A most gorgeous, wordless picture book about living in the present, 'Sidewalk Flowers', conceived by Jon Arno Lawson,  illustrated by Sidney Smith and published by House of Anansi/ Groundwoood Press, who describe the book as "an ode to the importance of small things, small people and small gestures"

0 Comments on Sidewalk Flowers as of 1/1/1900
Add a Comment
17. A Children's Bookplate

1918 book plate, from graphics fairy 2

1918 book plate, from graphics fairy
Sweet, downloadable bookplate from Graphics Fairy...

0 Comments on A Children's Bookplate as of 4/29/2015 11:15:00 PM
Add a Comment
18. Victoria Semykina Antolini's 'The Little Boat'

I love the work of children's illustrator Victoria Semykina Antolini, and now she has a superb project which needs a little help getting off the ground. She has a Kickstarter project and charming video for 'The Real Boat' a story about a little boat who dreams of the sea. The finished product will be a gorgeous, collaged and interactive, animated delight and it's just waiting to be launched, so please help her out!

0 Comments on Victoria Semykina Antolini's 'The Little Boat' as of 4/18/2015 2:25:00 PM
Add a Comment
19. 6 Female Illustrators Weigh In On Sexism


0 Comments on 6 Female Illustrators Weigh In On Sexism as of 3/18/2015 12:20:00 PM
Add a Comment
20. Hopping on Easter

via http://ignitingwriting.com/gmabookclub/hopping-on-easter

0 Comments on Hopping on Easter as of 1/1/1900
Add a Comment
21. PYSANKA {DYED EGGS} By Roz Chast

March 20 – April 18, 2015 at Danese/Corey 

0 Comments on PYSANKA {DYED EGGS} By Roz Chast as of 1/1/1900
Add a Comment
22. Drawing children

0 Comments on Drawing children as of 1/1/1900
Add a Comment
23. Show me the inspiration

Can you name the inspiration for these Sunday title panels?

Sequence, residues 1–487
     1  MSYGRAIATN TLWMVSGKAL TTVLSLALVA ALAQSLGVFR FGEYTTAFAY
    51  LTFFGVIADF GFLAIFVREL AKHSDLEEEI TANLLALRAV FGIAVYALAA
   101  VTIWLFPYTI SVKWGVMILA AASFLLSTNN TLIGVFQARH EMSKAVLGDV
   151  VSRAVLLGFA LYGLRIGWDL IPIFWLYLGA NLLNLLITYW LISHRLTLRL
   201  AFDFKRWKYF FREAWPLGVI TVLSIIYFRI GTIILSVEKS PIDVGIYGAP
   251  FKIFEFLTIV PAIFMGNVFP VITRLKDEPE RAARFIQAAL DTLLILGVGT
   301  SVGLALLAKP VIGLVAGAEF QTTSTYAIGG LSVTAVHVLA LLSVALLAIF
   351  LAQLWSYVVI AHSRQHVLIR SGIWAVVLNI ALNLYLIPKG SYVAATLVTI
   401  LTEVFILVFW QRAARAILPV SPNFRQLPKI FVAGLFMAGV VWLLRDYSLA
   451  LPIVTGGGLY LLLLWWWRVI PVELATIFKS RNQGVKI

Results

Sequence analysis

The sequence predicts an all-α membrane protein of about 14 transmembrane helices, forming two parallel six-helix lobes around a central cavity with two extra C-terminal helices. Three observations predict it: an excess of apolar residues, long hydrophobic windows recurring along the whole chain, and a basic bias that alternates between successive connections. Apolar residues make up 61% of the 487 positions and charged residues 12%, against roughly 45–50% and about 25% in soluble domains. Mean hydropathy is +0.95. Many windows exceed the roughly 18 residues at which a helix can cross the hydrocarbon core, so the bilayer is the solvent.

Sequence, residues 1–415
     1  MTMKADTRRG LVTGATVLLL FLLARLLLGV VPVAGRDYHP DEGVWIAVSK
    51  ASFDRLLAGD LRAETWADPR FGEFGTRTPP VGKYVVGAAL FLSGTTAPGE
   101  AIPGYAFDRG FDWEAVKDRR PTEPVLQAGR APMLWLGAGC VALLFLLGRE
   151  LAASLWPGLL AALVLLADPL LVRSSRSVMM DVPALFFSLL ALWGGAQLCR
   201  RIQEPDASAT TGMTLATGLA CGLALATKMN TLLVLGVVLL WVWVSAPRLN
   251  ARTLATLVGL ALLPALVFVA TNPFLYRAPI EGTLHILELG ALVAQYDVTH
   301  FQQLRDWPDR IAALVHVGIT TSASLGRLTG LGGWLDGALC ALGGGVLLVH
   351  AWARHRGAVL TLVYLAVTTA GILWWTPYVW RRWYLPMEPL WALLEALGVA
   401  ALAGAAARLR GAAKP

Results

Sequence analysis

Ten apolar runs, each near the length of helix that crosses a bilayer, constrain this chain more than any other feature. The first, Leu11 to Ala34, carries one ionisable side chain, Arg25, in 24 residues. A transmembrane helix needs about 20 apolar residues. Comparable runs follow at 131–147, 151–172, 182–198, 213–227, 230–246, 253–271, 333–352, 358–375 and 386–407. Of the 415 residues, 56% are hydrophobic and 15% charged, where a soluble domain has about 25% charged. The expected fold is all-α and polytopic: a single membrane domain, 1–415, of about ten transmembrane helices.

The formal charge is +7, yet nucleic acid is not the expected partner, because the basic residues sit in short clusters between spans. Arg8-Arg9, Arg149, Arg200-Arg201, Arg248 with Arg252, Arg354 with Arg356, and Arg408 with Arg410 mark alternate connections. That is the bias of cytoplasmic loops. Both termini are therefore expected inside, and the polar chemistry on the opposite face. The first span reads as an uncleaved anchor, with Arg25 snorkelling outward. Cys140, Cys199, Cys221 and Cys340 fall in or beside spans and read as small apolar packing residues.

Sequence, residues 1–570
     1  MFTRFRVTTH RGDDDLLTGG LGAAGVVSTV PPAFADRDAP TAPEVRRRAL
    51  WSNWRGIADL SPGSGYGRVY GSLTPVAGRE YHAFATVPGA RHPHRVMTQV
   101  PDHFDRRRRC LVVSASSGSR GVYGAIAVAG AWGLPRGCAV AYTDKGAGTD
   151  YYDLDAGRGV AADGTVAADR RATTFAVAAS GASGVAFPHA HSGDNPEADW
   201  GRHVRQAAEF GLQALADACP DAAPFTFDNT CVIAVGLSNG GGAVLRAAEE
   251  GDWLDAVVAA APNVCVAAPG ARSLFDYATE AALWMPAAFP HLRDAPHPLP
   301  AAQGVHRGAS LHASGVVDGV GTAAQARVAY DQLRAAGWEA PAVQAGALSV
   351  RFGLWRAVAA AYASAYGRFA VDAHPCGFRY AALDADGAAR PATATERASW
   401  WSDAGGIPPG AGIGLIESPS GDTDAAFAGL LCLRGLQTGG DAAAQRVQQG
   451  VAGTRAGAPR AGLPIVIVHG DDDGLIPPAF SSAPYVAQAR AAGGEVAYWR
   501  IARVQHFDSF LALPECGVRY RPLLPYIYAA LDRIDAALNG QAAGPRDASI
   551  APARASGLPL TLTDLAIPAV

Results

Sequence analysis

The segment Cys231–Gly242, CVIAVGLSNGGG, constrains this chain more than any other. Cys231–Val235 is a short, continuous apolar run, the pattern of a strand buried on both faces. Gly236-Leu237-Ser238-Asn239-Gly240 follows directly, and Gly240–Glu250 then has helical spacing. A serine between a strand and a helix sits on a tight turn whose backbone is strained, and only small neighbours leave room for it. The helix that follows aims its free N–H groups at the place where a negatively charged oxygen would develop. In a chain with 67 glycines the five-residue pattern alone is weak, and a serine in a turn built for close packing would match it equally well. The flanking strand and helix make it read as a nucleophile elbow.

Don Baechler talks about finding his work in this video link (about 21 minutes in): 

I wonder if he knows about this page.

0 Comments on Show me the inspiration as of 4/7/2015 4:14:00 PM
Add a Comment
24. RED

Belgian writer/illustrator Jan De Kinder has written a story about a young girl who stands by, watching a friend suffer—not an easy topic for a picture book. But it's something that I'm sure many six- and seven-year-olds can relate to, though they might not be able to put their experience into words. 

The book shows both the pain of the boy who is bullied (because he blushes) and the pain of his friend watching and doing nothing. 

The character's emotions are easy to read. The dominant colors in the illustrations are red, cream, and black, and are created with ink, pencil, charcoal, aquarelle, acrylic, and collage. They have a clear, graphic style that adds drama, especially to the wordless spread depicting the girl when she finally musters the courage to stand up for her shy friend.

For such a loaded subject this book has a light touch. Red is an elegant story about the bravery of everyday life on the playground.

Thanks to Eerdmans for the the review copy.
Jan De Kinder, trans. from the Dutch by Laura Watkinson. 
 ISBN 978-0-8028-5446-9
Release date: 03/01/2015

0 Comments on RED as of 1/1/1900
Add a Comment
25. The Art of Richard Thompson

The Art of Richard Thompson from GVI on Vimeo.

0 Comments on The Art of Richard Thompson as of 1/1/1900
Add a Comment

View Next 25 Posts